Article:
On Aug. 30, Judge Bill Graves denied her request to make Angela her legal name. He said Ingram’s DNA could not be changed to that of a female, and therefore, allowing a name change would be the furtherance of a fraud.
“[Graves] didn’t speak directly to me until it came to the God and DNA part,” said Ingram. “He said it’s fraudulent because you can’t change what God made you.”
A soft-spoken 29-year-old, Ingram said the realization of what had happened in the courtroom was almost too much to bear.
“I held it together until I finally got dismissed,” she said. “Once I was in the hallway, that’s when I started crying. I just broke down.”
No name change
Graves, a former Republican state representative whose seat now is occupied by Rep. Sally Kern, declined to comment, but said he would be issuing an order in the case soon.
Ingram is not the only transgender person to be denied a name change by Graves. In September 2011, he issued an order preventing Steven Harvey from changing her name to Christie Harvey, claiming the change would be fraudulent since Harvey’s DNA would not be altered.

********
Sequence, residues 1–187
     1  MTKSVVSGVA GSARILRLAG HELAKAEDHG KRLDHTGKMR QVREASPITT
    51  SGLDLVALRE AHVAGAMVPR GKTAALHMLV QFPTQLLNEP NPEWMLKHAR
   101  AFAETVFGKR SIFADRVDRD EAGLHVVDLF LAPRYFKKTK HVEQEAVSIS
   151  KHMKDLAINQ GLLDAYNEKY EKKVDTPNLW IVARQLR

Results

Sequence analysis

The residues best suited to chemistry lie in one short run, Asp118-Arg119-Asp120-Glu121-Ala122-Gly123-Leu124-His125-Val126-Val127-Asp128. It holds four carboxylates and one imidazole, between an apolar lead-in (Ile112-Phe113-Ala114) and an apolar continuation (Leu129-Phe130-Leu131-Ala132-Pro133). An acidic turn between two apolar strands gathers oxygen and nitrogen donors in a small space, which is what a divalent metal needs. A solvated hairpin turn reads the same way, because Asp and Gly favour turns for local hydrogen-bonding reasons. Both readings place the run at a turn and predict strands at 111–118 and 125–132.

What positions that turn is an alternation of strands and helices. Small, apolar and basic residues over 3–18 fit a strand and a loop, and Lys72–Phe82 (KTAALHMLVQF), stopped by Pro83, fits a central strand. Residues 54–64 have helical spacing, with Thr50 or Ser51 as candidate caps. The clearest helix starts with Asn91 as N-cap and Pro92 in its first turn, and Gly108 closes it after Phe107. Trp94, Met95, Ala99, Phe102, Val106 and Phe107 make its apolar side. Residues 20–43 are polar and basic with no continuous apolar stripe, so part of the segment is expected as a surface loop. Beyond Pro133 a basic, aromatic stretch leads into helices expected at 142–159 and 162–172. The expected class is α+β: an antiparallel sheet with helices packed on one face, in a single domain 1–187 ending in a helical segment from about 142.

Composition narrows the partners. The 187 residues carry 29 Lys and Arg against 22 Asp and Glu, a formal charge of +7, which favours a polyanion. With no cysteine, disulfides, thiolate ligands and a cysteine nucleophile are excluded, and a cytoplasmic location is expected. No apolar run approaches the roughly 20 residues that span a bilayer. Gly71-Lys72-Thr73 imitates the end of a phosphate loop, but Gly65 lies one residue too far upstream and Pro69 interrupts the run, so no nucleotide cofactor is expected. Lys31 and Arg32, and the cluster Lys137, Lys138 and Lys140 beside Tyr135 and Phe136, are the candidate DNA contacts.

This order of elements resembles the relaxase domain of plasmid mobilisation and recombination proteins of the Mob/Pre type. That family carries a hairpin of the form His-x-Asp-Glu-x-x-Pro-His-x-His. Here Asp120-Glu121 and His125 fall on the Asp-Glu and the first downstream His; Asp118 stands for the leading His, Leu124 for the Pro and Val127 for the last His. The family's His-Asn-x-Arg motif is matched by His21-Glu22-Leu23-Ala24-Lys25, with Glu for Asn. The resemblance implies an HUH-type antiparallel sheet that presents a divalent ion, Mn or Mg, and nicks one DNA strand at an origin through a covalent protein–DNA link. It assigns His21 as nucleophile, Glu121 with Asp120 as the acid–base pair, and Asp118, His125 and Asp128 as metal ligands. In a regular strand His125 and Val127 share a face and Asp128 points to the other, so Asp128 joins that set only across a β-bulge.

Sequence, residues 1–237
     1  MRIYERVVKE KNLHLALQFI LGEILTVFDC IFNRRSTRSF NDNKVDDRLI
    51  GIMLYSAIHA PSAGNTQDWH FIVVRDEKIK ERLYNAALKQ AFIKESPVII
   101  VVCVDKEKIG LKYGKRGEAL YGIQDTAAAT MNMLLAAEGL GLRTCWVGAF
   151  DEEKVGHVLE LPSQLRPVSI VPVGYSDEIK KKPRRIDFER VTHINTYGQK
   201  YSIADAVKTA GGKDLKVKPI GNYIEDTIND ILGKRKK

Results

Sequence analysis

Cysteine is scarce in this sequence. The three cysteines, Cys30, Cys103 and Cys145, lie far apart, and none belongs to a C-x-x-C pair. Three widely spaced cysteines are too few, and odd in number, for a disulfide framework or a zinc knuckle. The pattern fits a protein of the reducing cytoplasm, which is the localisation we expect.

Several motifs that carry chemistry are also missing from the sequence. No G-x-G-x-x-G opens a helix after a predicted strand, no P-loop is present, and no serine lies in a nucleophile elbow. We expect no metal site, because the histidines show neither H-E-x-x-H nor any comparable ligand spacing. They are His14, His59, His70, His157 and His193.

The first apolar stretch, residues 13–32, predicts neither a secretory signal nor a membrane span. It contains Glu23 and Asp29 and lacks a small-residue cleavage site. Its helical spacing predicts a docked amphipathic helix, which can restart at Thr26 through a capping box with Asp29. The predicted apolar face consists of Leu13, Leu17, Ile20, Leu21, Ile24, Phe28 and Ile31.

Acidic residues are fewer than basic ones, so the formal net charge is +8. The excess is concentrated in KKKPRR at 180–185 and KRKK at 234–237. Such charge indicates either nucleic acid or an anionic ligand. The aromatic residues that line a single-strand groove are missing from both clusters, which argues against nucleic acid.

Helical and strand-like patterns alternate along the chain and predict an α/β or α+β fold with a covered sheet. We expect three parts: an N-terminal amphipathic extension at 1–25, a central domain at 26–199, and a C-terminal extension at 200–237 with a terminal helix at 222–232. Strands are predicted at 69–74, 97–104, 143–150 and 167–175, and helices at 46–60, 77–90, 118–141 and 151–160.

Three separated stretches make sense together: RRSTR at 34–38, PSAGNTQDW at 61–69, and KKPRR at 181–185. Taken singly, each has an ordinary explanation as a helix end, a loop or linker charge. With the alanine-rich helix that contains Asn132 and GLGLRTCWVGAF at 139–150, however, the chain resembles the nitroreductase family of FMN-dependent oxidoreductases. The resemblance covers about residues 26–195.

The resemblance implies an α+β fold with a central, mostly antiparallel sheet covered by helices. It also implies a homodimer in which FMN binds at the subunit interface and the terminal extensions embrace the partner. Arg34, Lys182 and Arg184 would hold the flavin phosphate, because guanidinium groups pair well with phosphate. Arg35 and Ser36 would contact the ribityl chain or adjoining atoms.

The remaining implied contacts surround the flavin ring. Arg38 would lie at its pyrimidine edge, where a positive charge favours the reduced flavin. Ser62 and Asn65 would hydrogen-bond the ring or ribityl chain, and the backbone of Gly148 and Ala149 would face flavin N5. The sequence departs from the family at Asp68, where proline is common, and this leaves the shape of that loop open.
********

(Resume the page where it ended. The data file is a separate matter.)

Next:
Expert testimony on the matter was offered by Broken Arrow doctor and Republican state Rep. Mike Ritze.
Graves’ order against Ingram states further that the name change could be used to dupe a man into thinking he was marrying someone of the opposite sex, and thus, violate the state’s ban on same-sex marriages.
The judge concludes the order by quoting from Genesis: “‘So God created man in his own image, in the image of God he created him; male and female created he them. And God blessed them, and God said to them, be fruitful and multiply, and replenish the earth.…’ The DNA code shows God meant for them to stay male and female.”
Harvey’s case is currently under appeal. The American Civil Liberties Union of Oklahoma has taken up the Ingram case for appeal, said Brady Henderson, the state ACLU’s legal director.
Henderson said these are the first two cases he knows of, outside of custody cases, in which a name change order was appealed — and the only one in which a judge consulted a scientific expert in an uncontested case.
“[The DNA citation] is perhaps an argument that makes sense as to some case somewhere out there in the universe. But it has nothing to do with a name change,” Henderson said. “In neither [case] was anybody trying to change their sex as far as what was legally recognized. In a sense, what Graves addresses in the Harvey case is a case nobody is making.”
Said Ingram, “It should be people treating each other as people. All I want is my name changed.”